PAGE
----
“Shall we?” he asks after a pregnant pause.
I don’t answer and walk in first, mentally steeling myself for the moment we’ve been taught about since we turned twelve. But books and diagrams about human reproduction are nothing compared to the real thing. A fact that does nothing for my nerves because if all that preparation isn’t enough, what is?
I hear his footsteps behind me and spin around when I reach the bed. “Henry—”
“It’s okay, Rosemary,” he says, taking my hands in his. “I’m nervous too.”
I know he’s trying to comfort me, but the use of my full name in what is supposed to be such an intimate experience rattles me. The door closes and I hear the lock click into place. Feeling uncharacteristically claustrophobic, I take a deep breath and feel light-headed for the second time today. It feels just like it did after I got Marked. I sit on the edge of the bed and look up at Henry.
He steps closer and I tense. “Relax,” he murmurs, rubbing his right thumb over my knuckles. “I will never hurt you.”
I swallow past the lump in my throat. “Not intentionally.”
“Then you’ll have to tell me and I’ll do better next time.” He says it with such certainty that I envy his confidence in this relationship—in us.
Before I can reply, he’s closed the distance and pressed his lips to mine. I feel his arms encase me, one going around my waist, the other to the back of my neck, pulling me closer to him as he continues to kiss me.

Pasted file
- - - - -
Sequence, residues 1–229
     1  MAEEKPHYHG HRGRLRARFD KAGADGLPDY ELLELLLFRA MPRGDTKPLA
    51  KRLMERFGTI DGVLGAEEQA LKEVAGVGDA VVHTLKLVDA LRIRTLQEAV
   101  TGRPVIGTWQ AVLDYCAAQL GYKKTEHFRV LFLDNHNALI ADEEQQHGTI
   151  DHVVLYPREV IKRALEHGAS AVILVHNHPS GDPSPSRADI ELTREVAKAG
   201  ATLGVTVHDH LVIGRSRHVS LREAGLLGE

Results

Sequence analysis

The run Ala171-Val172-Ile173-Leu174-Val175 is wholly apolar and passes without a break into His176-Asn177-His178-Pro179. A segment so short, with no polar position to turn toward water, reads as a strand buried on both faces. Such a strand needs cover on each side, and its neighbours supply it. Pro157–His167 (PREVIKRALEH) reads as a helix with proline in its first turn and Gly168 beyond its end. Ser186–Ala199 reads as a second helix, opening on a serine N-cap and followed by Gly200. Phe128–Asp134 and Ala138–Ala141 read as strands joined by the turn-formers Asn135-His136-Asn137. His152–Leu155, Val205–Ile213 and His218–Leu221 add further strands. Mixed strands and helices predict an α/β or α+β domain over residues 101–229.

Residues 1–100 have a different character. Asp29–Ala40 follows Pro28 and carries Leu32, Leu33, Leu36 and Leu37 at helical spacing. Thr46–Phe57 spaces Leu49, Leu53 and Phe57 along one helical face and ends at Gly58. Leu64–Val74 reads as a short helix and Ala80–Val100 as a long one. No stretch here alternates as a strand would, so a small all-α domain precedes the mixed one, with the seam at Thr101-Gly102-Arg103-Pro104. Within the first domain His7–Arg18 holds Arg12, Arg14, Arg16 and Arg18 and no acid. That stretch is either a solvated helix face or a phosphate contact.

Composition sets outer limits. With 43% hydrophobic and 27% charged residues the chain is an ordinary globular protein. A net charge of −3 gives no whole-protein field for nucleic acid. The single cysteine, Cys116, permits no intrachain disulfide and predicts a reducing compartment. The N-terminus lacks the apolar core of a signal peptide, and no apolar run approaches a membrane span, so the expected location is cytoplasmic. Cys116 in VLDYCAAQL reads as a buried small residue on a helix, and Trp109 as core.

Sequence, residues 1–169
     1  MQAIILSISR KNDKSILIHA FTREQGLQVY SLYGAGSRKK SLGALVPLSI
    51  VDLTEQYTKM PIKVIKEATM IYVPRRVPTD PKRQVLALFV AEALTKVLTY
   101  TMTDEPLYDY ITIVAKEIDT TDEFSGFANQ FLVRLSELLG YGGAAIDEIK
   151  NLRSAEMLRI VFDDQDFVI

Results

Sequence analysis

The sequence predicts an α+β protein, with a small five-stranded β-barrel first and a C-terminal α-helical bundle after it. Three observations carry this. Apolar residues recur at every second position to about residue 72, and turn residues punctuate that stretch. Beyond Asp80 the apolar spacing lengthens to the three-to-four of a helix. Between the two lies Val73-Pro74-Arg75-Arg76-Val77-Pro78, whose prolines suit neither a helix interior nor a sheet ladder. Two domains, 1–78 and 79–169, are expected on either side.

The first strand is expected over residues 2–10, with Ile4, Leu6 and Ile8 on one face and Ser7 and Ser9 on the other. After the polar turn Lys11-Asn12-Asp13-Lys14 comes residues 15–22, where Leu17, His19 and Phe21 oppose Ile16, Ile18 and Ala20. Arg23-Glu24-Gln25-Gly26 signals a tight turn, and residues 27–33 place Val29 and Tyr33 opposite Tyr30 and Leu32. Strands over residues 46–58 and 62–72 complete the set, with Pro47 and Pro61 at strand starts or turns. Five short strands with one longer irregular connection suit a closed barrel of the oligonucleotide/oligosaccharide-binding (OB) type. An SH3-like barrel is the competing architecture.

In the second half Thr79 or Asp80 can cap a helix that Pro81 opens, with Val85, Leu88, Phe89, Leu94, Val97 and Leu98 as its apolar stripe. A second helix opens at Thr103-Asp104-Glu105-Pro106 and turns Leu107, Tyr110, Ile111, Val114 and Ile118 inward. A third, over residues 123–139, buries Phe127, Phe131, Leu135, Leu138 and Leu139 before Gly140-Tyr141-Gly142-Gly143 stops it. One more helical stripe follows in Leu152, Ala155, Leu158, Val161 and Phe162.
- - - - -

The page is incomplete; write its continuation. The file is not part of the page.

It’s much more confusing than I expected. Nowhere in my tutor’s explanations did it include how it would feel to be kissed by my Match. I like it—his tenderness and warmth—but I not only don’t know how to appropriately react, I also can’t stop thinking about how sudden this is.
Probably sensing my inner turmoil, or just to come up for air, Henry pulls away and regards me with a heated stare, his green eyes slightly darker than usual.
“If…” I trail off. He raises his eyebrow as a silent query for me to continue and I finish my thought in one, quick breath. “If I didn’t want to do this tonight, what would you say?”
He takes a deep breath and steps back, releasing me. “That I wanted to hear your reasons, but I wouldn’t force you to do anything. I promised to be your partner and respect you when we were Matched. I don’t plan on breaking that vow.”
My shoulders slump in relief. “Thank you.”
“Can you tell me why, though?”
I look at the floor, unable to face him as I answer. “It’s nothing against you. I just don’t feel… comfortable getting that intimate without getting to know you better.”
“You trusted me with your life earlier.”
“That was different.”
“Is it?” he prods. “Isn’t that the most important type of trust there is?”
“Maybe, but it’s still not enough for me.”
I look up. “Okay?” I echo, searching his face for any indication of what he’s thinking. “What does that mean?”
“We don’t have to do anything tonight. But we should sleep in the same room or the staff may start talking.”
“Okay,” I say, trying to contain the flare of shyness I feel about sharing a bed with Henry, even if it’s not in a sexual way—yet.“Rosemary,” he says, drawing my attention back to him, “I’m glad you told me.”